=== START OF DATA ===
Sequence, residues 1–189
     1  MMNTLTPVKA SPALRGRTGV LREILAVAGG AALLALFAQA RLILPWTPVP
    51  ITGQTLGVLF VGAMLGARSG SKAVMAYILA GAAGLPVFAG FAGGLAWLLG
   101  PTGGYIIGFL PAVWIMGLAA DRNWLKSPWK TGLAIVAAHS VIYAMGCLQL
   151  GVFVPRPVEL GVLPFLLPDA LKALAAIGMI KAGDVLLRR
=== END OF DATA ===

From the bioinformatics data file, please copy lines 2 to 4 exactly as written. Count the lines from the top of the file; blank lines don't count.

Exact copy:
     1  MMNTLTPVKA SPALRGRTGV LREILAVAGG AALLALFAQA RLILPWTPVP
    51  ITGQTLGVLF VGAMLGARSG SKAVMAYILA GAAGLPVFAG FAGGLAWLLG
   101  PTGGYIIGFL PAVWIMGLAA DRNWLKSPWK TGLAIVAAHS VIYAMGCLQL